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The doctrine that emanation (Latin emanare , "to flow from") is the mode by which all things are derived from the First Reality, or Principle.
The term emanation , being itself a metaphor, has been, and is still, used in many senses, and frequently by writers who are not emanationists. Others, without using die word, really hold the doctrine of emanation. Furthermore, emanationism is always interwoven with different opinions on various subjects; to separate it from these so as to assign its fundamental elements is more or less arbitrary. Taking emanationism in the sense commonly received today, it is not primarily a theological, but rather a cosmogonic system, not a direct answer to the question of the nature of God , but to that of the mode of origin of things from God. In general it holds that all things proceed from the same Divine substance, some immediately, others mediately. All beings form a series the beginning of which is God. The second reality is an emanation from the first, the third from the second, and so on. At every step the derived being is less perfect than its source; but, by giving rise to other beings, the source itself loses none of its perfections. The first source, then, from which everything flows, remains unchanged; its perfection is neither exhausted nor lessened.
Emanationism is frequently referred to as a form of pantheism ; but while this latter is primarily a system of reality, identifying all things as modes or appearances of the one substance, emanationism is concerned chiefly with the mode of derivation. Nor does it necessarily affirm the substantial identity of all things; it may assert the distinct, though dependent, substantiality of emanated realities. It is true that emanation is conceived by some in a pantheistic sense, as an immanent process, an expansion of the Divine substance within itself. But by many it is understood as implying a separation of the derived beings from their source. Hence, not only some forms of pantheism are not emanationistic, but also many emanationists — with more or less consistency — reject pantheism. For those who admit that matter is eternal and exists independently of God, God cannot be more than an architect, who arranges pre-existing materials. In the doctrine of complete emanationism, all things, from the highest spiritual substances to the lowest forms of matter, come from God as their first origin, matter being the last and therefore most imperfect emanation. Some views, however, combine the theory of the eternity of matter with the theory of emanation.
The doctrine of creation teaches that all things are distinct from God, but that God is their efficient cause. God does not produce things from His own substance nor from any pre-existing reality, but by an act of His will brings them out of nothing. According to emanationism, on the contrary, the Divine substance is the reality from which all things are derived, not by any voluntary determination, but by a necessity of nature. And God does not produce all things immediately; the lower are more distant, and are separated from Him by necessary intermediaries. (It may be noted, however, that sometimes the word emanation is used in a broader sense including also creation . Thus St. Thomas: "Quæritur de modo emanationis rerum a primo principio qui dicitur creatio". Summa, I, Q. xlv, a. 1.)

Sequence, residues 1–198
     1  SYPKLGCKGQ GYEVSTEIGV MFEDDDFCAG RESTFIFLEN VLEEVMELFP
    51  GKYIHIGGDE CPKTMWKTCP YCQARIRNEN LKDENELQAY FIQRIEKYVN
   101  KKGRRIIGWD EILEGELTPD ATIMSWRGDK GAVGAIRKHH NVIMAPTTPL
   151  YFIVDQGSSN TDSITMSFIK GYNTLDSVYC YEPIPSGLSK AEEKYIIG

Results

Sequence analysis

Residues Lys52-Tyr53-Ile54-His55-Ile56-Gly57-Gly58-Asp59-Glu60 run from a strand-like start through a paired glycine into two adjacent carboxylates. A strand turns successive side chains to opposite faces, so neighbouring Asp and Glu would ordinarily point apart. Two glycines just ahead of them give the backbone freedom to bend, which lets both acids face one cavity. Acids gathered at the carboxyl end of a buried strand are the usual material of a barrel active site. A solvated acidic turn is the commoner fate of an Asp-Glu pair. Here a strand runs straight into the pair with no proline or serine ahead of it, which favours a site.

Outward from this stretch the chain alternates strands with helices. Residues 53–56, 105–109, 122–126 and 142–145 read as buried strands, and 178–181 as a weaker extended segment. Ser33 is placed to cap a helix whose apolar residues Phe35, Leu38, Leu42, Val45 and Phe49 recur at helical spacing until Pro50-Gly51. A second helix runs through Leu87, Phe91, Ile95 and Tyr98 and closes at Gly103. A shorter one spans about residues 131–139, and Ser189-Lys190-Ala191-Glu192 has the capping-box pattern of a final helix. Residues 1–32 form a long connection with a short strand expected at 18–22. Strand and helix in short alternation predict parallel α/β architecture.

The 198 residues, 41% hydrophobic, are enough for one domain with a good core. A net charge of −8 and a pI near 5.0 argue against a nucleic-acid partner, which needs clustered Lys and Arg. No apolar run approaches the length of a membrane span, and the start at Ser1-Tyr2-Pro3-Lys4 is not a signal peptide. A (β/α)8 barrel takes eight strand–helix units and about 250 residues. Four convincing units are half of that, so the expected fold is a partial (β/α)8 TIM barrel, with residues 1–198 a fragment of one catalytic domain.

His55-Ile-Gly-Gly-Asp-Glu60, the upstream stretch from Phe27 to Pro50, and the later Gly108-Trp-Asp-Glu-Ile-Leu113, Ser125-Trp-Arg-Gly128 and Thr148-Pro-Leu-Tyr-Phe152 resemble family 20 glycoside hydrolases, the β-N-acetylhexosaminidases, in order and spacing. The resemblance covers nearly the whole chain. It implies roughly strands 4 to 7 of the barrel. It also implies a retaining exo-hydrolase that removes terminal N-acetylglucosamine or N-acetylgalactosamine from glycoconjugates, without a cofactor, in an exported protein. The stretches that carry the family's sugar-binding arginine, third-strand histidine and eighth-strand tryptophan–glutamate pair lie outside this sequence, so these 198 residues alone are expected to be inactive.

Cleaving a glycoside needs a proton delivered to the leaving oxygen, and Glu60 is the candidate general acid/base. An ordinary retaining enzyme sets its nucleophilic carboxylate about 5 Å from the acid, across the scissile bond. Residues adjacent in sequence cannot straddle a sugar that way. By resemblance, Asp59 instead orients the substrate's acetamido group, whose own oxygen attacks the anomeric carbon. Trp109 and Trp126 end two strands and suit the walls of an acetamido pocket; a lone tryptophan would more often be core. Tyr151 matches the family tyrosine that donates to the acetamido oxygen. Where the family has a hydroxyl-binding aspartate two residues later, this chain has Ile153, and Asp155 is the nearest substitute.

Evolution implies the change of one thing into something else, whereas a reality from which another emanates remains identical with itself. The process of evolution — at least in its totality — is generally considered as an ascent, a movement upwards towards a greater perfection. Emanation is a descent; it begins with the infinitely perfect, and at every step the emanating beings are less pure, less perfect, less divine. The Infinite is postulated as a starting-point, instead of being the goal which the universe is ever striving to realize. Some comparisons used by emanationists, though only metaphors, and consequently misleading if taken literally, may give a clearer idea of the system. Things proceed from God as water from a spring or an overflowing vessel; as the stem, branches, leaves, etc., from the roots; as the web from the spider; as light or heat from the sun or a fire; as the doctrine from the teacher. It is easy to see that all such comparisons are deficient in many points. They are intended simply to illustrate that which is above human comprehension.
Vague indications of emanationism are found in ancient mythologies and religions, especially those of India, Egypt, and Persia. Thus in the Upanishads things are said to issue from their eternal principle as the web from the spider, the plant from the earth, the hair from the skin. But, while these and other comparisons and expressions may be interpreted in the sense of emanationism, they are not sufficiently explicit to serve as a basis for the assertion that such systems of philosophy or religion are emanationistic. Philo's teaching on this point is not much clearer. His thought was influenced by two distinct currents: Greek philosophy, especially Platonism, and Judaism. In his endeavour to reconcile them, he sometimes falls into inconsistencies, and his real position is doubtful. According to him, God, infinitely perfect, cannot act on the world immediately, but only through powers or forces ( pneuma ) which are not identical with Him, but proceed from Him. The primitive Divine force is the Logos. Whether the Logos is a substance or only an attribute, remains an obscure point. From the Logos the Spirit ( pneuma ) proceeds. It is the soul, or vivifying principle, of the world. Sometimes God is looked upon as the efficient and active cause of the world, sometimes also as immanent, as the one and the whole ( eis kai to pan autos estin ).